In 1984 Redford1 published a paper with a similar title which outlined 60 years of field experience in recovering bitumen from Athabasca by in situ methods, commented on what had been achieved and outlined the more promising recovery processes for different geological ettings.
This paper covers the period from 1984 to the present. It outlines and discusses the eight field pilots which have been conducted since then or were not completely reported in the first paper. These are: The Texaco Horizontal Well Project, The Canterra Kearl Lake Project, The Gregoire ake In Situ Pilot, PCEJ Stoney Mountain Electrical Preheat Project, PCEJ Hangingstone Steam Stimulation Pilots, UTF HASDrive Pilot, Steepbank HASDrive Pilot and UTF SAGD Pilots. The potential for in situ recovery from thabasca is discussed taking into account the experience gained over the last 70 years. The aper concludes with some observations on the tatus of developing in situ recovery from Athabasca and where future progress is needed.
The Athabasca oil sands deposit in many ways is the jewel in the crown of oil sand deposits. Its huge reserves and its thick pays with high porosity, permeability and bitumen saturations have made it a tempting target. Yet 10 years ago, 60 years of extensive experimentation both in the field and the laboratory had not yielded a commercial process and only one technically successful field pilot. 10 years ago it could be said that we had learned to ask the right questions but did not yet have the right answers.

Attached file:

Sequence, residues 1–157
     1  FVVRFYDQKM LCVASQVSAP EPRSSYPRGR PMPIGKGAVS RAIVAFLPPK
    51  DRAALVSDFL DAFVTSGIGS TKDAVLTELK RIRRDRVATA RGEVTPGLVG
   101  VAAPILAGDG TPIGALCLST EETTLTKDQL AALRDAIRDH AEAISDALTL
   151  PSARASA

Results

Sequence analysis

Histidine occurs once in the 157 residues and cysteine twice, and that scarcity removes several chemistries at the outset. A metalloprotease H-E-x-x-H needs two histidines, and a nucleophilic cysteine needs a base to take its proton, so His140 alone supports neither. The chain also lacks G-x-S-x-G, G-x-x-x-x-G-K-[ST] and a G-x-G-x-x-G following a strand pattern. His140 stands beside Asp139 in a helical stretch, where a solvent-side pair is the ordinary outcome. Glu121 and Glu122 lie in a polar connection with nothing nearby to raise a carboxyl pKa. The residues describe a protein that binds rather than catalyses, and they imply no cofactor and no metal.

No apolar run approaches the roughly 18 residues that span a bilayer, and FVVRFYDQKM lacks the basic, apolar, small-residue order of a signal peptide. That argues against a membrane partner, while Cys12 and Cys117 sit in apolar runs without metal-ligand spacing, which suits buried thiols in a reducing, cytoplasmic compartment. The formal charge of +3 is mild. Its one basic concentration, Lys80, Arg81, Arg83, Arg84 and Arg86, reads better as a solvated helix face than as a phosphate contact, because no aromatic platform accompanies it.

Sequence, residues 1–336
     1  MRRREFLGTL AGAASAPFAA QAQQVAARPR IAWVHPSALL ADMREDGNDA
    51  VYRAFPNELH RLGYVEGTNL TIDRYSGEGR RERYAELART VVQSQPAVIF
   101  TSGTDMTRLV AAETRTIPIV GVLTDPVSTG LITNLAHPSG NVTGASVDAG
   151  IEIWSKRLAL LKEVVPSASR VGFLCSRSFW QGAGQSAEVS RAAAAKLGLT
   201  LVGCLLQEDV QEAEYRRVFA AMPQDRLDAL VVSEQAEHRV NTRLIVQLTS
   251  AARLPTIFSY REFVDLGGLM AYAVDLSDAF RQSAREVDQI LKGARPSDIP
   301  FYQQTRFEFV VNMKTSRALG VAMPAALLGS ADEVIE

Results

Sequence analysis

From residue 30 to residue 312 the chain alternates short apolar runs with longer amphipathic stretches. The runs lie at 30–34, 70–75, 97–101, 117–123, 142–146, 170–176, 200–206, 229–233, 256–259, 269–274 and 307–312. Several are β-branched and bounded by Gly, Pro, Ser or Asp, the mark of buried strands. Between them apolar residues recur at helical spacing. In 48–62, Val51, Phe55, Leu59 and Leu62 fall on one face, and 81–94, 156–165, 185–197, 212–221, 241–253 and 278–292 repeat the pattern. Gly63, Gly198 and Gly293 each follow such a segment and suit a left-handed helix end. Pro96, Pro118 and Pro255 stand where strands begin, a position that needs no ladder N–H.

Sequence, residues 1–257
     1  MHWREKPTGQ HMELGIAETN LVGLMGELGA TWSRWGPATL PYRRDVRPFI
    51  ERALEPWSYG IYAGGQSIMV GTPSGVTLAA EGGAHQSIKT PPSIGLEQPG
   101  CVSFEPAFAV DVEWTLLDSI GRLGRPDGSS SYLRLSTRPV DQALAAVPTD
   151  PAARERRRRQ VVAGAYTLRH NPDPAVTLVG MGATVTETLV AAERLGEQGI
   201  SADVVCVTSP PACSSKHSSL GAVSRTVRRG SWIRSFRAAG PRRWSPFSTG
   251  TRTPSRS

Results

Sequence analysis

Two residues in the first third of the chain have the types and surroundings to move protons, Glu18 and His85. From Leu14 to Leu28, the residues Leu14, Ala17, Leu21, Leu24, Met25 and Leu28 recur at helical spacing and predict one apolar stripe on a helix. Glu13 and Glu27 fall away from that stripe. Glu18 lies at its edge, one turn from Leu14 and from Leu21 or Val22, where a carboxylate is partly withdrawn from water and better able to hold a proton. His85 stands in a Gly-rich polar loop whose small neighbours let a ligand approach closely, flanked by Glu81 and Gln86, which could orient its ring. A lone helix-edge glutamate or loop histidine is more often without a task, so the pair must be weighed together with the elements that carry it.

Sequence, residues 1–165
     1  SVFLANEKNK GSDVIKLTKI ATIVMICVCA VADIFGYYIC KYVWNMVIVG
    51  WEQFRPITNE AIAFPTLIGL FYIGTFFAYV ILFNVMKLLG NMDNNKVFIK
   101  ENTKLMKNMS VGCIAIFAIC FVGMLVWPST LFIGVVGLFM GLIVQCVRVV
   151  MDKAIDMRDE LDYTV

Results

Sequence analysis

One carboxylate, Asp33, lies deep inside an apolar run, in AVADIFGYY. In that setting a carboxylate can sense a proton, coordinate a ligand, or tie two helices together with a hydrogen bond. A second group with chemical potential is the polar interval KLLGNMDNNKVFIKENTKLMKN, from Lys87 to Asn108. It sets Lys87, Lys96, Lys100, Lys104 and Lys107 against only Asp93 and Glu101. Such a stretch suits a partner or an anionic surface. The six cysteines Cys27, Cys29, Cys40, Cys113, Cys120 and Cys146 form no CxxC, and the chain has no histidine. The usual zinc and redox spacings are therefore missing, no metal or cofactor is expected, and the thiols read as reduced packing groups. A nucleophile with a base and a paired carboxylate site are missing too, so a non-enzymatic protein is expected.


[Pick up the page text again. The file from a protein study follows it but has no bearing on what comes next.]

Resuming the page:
A lot has changed in the past 10 years. The technology base laid down in earlier years has born fruit and we have seen the completion of several successful pilots and the demonstration of one technology which promises the dream of those early pioneers - low cost, reliable in situ bitumen recovery from Athabasca, This paper outlines the field experience over those last 10 years, discuses it and comments on where we stand.
In 1980 Texaco, using a slant rig, drilled three horizontal wells in shallow oil sands (overburden 72 metres, pay 63 metres) at their pilot site south of the Fort McMurray airport. These wells Figure 1) had about 400 metres of horizontal section located near the base of the deposit and were completed open hole with a 0.76 mm keystone slotted sand exclusion liner. A production tubing extended approximately half way down the horizontal section. The project was supported in the late stages by the Alberta Oil Sands Technology and Research Authority (AOSTRA) which has now been merged into the Oil Sands and Research Division (OSRD) of the lberta Department of Energy.
The recovery concept tested was similar to that used in the Petro-Canada MAISP project2,3 with steam stimulation of the outside wells followed by steam drive from the centre well to he two outside wells.
The pilot experienced severe difficulties from the start due to two of the major reasons for pilot failure in Athabasca; reservoir heterogeneity and sand exclusion.